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Hello to All! Nice to connect here with ones with similar diagnosis and see how we are dealing emotionally, since most information I've rcvd is factual and statistical, which I truly appreciate also, but could use some emotional support! After a routine dr. visit Feb 2019, had bp 170/110 that day, so had an ECHO that revealed 3.9 Ascending Aorta Aneurysm. Last few months have been many tests, thankful to be at Mayo, where other aneurysms were discovered- Brain, 2 Illiac and Renal Aneurysm. Also, mention of Fibromuscular Dysplasia (elongated and twisted arteries). Have not had any follow-ups to that even! Brain Aneurysm is where Carotid meets the Ophthalmic Artery, so recheck on that one first- the end of July. Then recheck Aorta Oct since mom died of (undiagnosed) AAA- that dissected, in same area, arch of aorta, incidentally in 9 minutes. I've done 24 gene tests but no known Syndrome, ruled out Marfan's, etc. Definitely Familial Thoracic Aneurysm (hereditary) and the FMD. Just living life in the meantime, going on a 5-mile hike with a club in my area next Monday, level ground around a lake, but afraid to do uphill hikes, and unsure if I can take a plane anywhere. Was only told no running nor lifting weights. Sorry such a long post! I appreciate your writings here, to connect with similar situations and see how it is being treated and how you're doing! Janet

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@GratefulEveryDay

Hello to All! Nice to connect here with ones with similar diagnosis and see how we are dealing emotionally, since most information I've rcvd is factual and statistical, which I truly appreciate also, but could use some emotional support! After a routine dr. visit Feb 2019, had bp 170/110 that day, so had an ECHO that revealed 3.9 Ascending Aorta Aneurysm. Last few months have been many tests, thankful to be at Mayo, where other aneurysms were discovered- Brain, 2 Illiac and Renal Aneurysm. Also, mention of Fibromuscular Dysplasia (elongated and twisted arteries). Have not had any follow-ups to that even! Brain Aneurysm is where Carotid meets the Ophthalmic Artery, so recheck on that one first- the end of July. Then recheck Aorta Oct since mom died of (undiagnosed) AAA- that dissected, in same area, arch of aorta, incidentally in 9 minutes. I've done 24 gene tests but no known Syndrome, ruled out Marfan's, etc. Definitely Familial Thoracic Aneurysm (hereditary) and the FMD. Just living life in the meantime, going on a 5-mile hike with a club in my area next Monday, level ground around a lake, but afraid to do uphill hikes, and unsure if I can take a plane anywhere. Was only told no running nor lifting weights. Sorry such a long post! I appreciate your writings here, to connect with similar situations and see how it is being treated and how you're doing! Janet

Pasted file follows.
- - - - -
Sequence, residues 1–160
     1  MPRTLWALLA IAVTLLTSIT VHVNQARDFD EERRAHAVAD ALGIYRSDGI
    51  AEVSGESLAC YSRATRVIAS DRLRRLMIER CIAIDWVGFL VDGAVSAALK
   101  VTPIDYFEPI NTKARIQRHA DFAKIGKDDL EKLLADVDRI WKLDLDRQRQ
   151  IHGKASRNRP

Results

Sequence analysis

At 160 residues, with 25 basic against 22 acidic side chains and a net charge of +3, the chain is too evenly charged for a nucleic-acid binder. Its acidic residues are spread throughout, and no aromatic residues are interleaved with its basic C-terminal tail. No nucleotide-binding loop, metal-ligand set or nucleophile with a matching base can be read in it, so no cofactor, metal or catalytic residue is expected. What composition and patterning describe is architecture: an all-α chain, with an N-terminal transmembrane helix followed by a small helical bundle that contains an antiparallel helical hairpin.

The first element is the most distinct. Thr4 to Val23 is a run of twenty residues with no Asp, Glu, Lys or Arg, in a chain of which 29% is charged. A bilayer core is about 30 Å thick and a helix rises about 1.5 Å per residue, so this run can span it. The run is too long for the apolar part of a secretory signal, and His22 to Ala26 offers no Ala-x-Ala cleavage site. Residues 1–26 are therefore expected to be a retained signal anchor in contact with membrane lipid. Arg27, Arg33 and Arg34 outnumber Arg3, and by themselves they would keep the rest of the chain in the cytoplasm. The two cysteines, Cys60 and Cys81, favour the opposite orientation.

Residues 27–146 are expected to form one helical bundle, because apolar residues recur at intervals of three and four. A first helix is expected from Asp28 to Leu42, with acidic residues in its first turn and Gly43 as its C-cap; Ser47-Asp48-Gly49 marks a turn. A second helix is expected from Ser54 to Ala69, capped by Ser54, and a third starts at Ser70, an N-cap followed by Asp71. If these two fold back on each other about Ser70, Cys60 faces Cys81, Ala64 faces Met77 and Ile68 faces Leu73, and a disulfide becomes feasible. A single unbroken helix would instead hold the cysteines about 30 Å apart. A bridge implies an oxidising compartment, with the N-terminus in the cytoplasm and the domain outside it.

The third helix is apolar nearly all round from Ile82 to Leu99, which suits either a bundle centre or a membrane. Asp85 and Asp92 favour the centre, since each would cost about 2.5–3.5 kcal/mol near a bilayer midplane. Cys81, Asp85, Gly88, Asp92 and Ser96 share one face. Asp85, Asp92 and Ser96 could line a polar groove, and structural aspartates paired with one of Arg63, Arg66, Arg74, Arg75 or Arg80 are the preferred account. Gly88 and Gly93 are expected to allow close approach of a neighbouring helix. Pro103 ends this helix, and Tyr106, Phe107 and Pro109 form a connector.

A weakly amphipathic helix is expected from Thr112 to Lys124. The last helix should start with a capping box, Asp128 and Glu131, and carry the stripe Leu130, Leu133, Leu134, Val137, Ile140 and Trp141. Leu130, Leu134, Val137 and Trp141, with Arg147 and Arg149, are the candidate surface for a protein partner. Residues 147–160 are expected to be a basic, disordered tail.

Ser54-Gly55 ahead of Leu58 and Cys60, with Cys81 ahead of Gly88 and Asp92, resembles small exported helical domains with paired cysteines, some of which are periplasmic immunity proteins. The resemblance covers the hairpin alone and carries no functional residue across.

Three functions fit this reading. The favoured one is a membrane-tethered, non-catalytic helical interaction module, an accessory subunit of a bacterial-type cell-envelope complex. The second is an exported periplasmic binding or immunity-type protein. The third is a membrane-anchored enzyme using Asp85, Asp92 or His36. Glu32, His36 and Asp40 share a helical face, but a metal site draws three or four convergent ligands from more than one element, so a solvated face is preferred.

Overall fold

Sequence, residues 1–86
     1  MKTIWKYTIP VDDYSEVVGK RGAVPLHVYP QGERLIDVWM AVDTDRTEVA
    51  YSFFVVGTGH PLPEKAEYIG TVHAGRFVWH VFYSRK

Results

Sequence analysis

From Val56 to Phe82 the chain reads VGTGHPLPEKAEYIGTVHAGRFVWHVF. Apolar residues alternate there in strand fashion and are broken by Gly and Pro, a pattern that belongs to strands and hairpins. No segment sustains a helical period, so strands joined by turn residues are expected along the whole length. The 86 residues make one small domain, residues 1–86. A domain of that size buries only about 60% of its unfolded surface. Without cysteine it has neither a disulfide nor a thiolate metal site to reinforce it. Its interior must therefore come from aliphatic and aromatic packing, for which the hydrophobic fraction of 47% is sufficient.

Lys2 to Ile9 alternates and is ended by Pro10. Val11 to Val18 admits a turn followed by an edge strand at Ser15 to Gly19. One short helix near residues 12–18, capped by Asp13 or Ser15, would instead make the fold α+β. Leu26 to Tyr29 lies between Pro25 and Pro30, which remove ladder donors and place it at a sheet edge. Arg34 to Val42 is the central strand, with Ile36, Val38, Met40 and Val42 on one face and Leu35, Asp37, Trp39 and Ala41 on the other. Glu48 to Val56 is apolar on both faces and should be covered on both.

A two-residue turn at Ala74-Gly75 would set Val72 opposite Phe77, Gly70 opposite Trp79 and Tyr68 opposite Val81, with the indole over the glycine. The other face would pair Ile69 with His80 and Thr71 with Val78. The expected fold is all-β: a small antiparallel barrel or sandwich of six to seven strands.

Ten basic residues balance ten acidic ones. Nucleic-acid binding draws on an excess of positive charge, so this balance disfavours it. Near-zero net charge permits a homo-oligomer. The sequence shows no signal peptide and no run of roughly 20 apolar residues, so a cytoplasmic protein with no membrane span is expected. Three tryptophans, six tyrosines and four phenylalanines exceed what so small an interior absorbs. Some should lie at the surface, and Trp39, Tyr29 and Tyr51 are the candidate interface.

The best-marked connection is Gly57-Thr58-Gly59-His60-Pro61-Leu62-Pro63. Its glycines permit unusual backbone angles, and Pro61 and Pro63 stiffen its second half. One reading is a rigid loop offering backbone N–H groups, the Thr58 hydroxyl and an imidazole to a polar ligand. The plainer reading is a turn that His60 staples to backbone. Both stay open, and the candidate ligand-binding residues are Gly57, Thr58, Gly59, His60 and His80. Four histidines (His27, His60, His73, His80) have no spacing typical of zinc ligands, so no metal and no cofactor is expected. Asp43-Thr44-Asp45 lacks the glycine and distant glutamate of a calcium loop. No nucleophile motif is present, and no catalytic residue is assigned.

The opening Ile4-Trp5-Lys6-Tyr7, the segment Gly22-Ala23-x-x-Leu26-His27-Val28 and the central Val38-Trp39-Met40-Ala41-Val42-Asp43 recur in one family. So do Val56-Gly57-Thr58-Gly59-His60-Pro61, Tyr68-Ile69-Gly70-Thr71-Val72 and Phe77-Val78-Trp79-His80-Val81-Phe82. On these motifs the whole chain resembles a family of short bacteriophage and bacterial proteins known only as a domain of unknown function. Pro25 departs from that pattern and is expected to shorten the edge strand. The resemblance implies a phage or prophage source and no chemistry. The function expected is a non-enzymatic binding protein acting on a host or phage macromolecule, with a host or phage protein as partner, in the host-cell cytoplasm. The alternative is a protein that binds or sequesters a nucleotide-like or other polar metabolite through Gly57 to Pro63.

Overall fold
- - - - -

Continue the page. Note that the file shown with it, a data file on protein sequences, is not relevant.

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Hello! Sounds like you’ve got a lot going on. Six years ago, I was diagnosed with an ascending aortic aneurysm. Didn’t even know that I had an aneurysm until I collapsed one day out of the blue. Turns out that I have an autoimmune disorder that doesn’t neatly fall into any of the vasculitis categories. I was scheduled for surgery about a month after the collapse. I was a little nervous waiting for the surgery. Doctors said that I shouldn’t worry about the aneurysm rupturing within a month. Unlike you, I didn’t have months to think about a growing aneurysm. All I can say is to continue to live your life as best you can. I am guessing that you will have surgery sometime in the future? Mayo Clinic is a great place , especially if you have a complicated case.

I do hope that you have a good support system with family and friends. I had to rely on many people after my surgeries. I am grateful that I had that support as my recovery was difficult due to complications. (Just so you know, I did not have my surgeries at a Mayo as I live in Southern California.). I am doing much better now. I somehow managed to remain optimistic throughout my procedures and long recovery.

I think this forum is a good place to get feedback and support. There aren’t many support groups out there for people who are dealing aneurysms pre and post surgery.